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Saturday, January 25, 2003

Full Employment and Tax Cuts-"This is your Saturday Night All Request Oldies Show on WDRB, Dr. B radio. Just call our toll-free request line at 888-ECON-R-US. We've got a call in from Marc in North Carolina looking for an oldie from 1967 from that great girl band Gal Breath; Spinout At Phillips Curve." Sorry for the poetic license. Spudlets want me to look at ways to promote full employment, bouncing off this Tech Central piece from Arnold Kling (who seems to be a supply-side Keynesian) on Israeli and American unemployment.
As a card-carrying saltwater Keynesian, I believe that sometimes the causes of unemployment can lie with the demand side. Take the United States economy today, for example. As Brad DeLong points out, productivity is going through the roof. From a supply-side perspective, our economic engine is purring like a kitten. As Brad puts it, "The only dark lining inside this silver cloud is that faster productivity growth means faster potential output growth and a widening gap between output and potential."
I don't know where you get your Supply-Side membership card, but I also believe that sometimes the causes of unemployment can lie with the demand side. If productivity is growing faster than the demand for products, you will tend to have unemployment until the economic system figures out what to do with the excess labor. One can put that extra labor to use by either expanding demand for existing products being made more efficiently or by creating new products not currently being demanded. Expanding demand can be done from a fiscal policy basis by either cutting taxes or raising spending. Keynesians like spending because a tax cut will be partly saved and partly spent. However, Keynesians (but maybe not Kling) tend to ignore the effects of cutting taxes on supply. Cutting taxes will help increase supply in the long run, as people are more interested in working harder (more take-home pay for each extra hour worked) and saving more (for your after-tax return on investments goes up), thus stimulating the economy and adding to available capital. Thus, I'd be inclined to cut taxes in order to stimulate economic growth and job creation. If we're looking to stimulate job growth, you might look at removing the FICA tax on wage income, raising income taxes to compensate for the lost revenues. That will increase take-home pay by about 14% (assuming most of the employer's share of FICA is shared with the employee; some of it will be pocketed) and allow workers to be more willing to work at current wage levels. It will add to worker's paycheck and cut costs to employers. Kling has his own ideas
To get back to full employment and close the gap with potential GDP, I am in favor of every stimulus proposal known to man. I nominate Megan McArdle for Treasury Secretary, on a platform of abolishing the corporate income tax. The Democrats want to cut payroll taxes, too? Fine, let 'em. Money to bail out state and local governments? I'll see ya and raise ya.
I just talked about the sales tax getting cut and wouldn't mind getting rid of the corporate income tax. I'm not a big fan of revenue sharing, though, for it's not overly stimulative and lends itself to a lot of pork-barrel spending.
I am willing to incur deficits in order to get to full employment. I believe that the United States can afford to live in minus for a while, because I am exuberant about the longer-term outlook for growth, thanks to Moore's Law.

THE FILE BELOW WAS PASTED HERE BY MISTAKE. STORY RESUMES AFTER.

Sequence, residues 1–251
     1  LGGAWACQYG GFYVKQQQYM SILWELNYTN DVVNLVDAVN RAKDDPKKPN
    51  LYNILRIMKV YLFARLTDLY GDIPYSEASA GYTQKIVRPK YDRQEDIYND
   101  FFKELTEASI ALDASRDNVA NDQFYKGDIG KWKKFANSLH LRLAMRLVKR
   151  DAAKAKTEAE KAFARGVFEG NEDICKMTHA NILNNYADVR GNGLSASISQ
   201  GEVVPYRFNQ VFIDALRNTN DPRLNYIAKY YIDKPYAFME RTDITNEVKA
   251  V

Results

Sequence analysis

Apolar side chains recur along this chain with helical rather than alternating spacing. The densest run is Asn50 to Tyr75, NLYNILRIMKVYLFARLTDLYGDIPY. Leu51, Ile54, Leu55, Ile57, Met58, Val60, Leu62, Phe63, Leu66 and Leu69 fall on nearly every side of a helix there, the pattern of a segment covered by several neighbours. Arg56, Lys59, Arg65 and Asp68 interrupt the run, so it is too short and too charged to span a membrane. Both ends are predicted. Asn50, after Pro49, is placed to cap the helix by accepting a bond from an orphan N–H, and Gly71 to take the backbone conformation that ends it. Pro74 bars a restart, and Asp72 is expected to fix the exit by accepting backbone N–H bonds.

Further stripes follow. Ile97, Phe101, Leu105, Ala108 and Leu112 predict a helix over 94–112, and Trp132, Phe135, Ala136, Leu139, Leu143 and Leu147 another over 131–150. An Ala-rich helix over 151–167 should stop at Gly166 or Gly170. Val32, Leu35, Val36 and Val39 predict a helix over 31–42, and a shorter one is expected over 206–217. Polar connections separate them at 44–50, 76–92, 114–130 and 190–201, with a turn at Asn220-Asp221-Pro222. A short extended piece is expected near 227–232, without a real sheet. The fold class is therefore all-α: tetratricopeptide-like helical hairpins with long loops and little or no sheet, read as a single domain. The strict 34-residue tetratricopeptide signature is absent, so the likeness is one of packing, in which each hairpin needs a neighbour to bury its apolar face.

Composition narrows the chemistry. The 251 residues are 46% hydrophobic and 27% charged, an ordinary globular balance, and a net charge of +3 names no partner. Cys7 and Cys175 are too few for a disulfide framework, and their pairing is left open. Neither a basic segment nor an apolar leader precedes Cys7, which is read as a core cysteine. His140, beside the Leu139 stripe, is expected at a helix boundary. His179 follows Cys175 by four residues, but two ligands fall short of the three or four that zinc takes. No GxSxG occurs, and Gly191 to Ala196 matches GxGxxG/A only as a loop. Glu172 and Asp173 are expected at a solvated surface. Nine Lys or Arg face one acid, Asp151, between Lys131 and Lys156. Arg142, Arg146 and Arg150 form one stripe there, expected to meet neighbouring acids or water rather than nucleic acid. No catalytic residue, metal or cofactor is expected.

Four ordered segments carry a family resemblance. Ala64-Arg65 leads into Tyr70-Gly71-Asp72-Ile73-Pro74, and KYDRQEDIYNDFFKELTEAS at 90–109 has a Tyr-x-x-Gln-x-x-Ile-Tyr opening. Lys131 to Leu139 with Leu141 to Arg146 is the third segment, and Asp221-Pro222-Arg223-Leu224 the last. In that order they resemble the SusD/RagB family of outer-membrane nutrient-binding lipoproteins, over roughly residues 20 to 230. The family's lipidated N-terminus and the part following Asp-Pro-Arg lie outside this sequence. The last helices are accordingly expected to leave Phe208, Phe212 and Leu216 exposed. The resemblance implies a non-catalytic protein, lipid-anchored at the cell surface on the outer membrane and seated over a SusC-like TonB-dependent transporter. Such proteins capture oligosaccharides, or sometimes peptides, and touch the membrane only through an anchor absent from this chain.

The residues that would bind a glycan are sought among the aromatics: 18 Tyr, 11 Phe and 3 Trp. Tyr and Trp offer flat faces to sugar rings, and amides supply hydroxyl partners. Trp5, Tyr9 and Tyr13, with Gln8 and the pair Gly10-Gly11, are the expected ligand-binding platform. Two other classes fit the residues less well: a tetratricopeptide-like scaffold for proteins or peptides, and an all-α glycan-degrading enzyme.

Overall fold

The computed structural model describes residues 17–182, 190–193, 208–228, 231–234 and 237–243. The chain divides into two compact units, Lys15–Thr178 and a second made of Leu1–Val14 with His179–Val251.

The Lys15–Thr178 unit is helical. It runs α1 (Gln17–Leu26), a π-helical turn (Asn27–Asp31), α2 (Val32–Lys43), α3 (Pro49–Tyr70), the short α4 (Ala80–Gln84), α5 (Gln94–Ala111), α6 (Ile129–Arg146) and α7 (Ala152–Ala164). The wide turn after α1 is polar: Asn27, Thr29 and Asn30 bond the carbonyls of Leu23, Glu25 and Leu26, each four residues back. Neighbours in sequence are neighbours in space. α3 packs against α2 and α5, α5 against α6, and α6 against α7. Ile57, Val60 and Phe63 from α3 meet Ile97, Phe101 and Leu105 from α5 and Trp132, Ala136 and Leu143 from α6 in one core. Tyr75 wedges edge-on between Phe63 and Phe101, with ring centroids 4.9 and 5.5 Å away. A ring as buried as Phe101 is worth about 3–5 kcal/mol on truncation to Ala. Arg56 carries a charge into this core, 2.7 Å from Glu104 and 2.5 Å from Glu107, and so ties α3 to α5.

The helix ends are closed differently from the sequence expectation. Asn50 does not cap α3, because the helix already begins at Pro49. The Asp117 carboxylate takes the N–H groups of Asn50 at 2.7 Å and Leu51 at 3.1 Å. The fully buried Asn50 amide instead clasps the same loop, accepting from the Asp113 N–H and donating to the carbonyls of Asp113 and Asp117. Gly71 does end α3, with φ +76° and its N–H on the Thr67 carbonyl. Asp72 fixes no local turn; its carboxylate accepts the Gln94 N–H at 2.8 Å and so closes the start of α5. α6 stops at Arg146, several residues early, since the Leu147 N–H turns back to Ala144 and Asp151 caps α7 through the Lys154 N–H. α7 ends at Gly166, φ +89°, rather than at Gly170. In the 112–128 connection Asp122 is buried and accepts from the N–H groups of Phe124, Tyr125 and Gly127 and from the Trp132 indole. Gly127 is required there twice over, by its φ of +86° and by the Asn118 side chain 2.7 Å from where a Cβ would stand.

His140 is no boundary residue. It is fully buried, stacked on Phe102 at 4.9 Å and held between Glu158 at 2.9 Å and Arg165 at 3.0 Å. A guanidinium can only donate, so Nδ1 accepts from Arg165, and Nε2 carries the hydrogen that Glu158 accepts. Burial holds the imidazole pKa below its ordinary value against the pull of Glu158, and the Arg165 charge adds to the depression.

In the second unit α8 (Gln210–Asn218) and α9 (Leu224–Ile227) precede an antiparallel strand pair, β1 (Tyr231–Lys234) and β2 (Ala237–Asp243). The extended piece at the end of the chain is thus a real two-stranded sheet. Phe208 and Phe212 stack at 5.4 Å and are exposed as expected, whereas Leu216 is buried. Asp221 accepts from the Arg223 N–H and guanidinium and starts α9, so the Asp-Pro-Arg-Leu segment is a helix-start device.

Further up in the essay, he talked about the Israeli term for personal deficit spending as being "in minus." We're not that far away from full employment, at least in the economic definition of the term of a lack of cyclical unemployment. You'll always have some seasonal unemployment, some structural unemployment (mismatches of skills and/or location) and frictional unemployment (people between jobs due to non-macroeconomic reasons, like someone who's just moved or just graduated from college), but people get worried when unemployment starts to be due to a lack of demand in the economy as a whole. A high productivity economy might result in a bit more frictional unemployment, where businesses trim payrolls because more efficient production methods allow products to be made with fewer workers. Some of those workers might be bad fits for other jobs if their skills aren't in demand elsewhere, but other workers might have salable skills that could be employed elsewhere. A combination of high frictional and structural unemployment might cause full employment to be a bit higher than in the 90s. I agree that we have a good long-term outlook for growth, but I don't think that Moore's Law (computer speeds double every 18 months or so) is going to be the engine of that growth in the '00s. We're getting to the point where computer speed isn't as much of an issue. I'm typing this at home on a Pentium II-class machine circa 1998 with a 233MhZ CPU. My 1.3GhZ laptop doesn't make me five times more productive. The problem with Moore's law is that it assumes that computers become twice as cheap every 18 months, which doesn't seem to be happening. Entry-level computers stay about the same price from year to year, but have more RAM, bigger hard drives and faster CPUs than their price counterparts of a year ago. The screamer of a year ago that was selling for double the price of the bargain machine at the time is now the bargain machine. However, you can't buy a new version of last year's bargain machine at half-price; they just don't make them anymore. When hard drives models start to drop below $100, that model gets discontinued, as does the Intel CPUs models that start to drop below $100. There's a limit to how cheap the industry will allow the parts, and thus the computers, to go. [Update 1/27 3:30PM-reader Nathan Mates points out that the figure's closer to $80 these days; I am a few years out of the loop] What is going to drive the economy are new products to add to our shopping carts. Typically, those new products will come from small upstart companies rather than existing companies. The dividend exemption isn't the best way to stimulate those companies, since young companies don't typically pay dividends. Cutting (or eliminating) the corporate income tax would help there, as it would allow firms to have more net income to plow back into new investments. What do we need to stimulate job creation? Focus on ways to encourage the creation of new products and of hiring people. We should thus focus any tax cuts on cutting payroll taxes and corporate income taxes; the combination could be sold to the US people. The dividend exemption doesn't help much since it's rewarding more mature companies that aren't big job-creators or new product-creators. I don't think the majority of this slump is demand based. Some of it is demand based, due to post-9/11 nervousness. However, the rest is either due to a depressed stock market (that lowers business investment and depresses consumer demand) and higher oil prices. The best Valentine's present for the economy is Saddam's head on a pike in downtown Baghdad; Tommy Franks can do more than Greenspan can for the economy at this point. That will take away a lot of the post-9/11 jitters, lower the price of oil and raise stock prices. Winning in Iraq coupled with a modest (not too much red ink) tax cut will bring the economy back. However, unemployment rates might stay higher than in the 90s until we get a inflow of new products that will open up people's checkbooks a bit wider. If our current market basket gets less expensive due to efficiency, we might opt to save money for the future rather than spend more on stuff we're already buying. It'll take new products to truly get the economy on a major uptick. The computer/Internet push has largely run it's course for now and another growth sector will need to emerge before we get big growth rates like the 90s.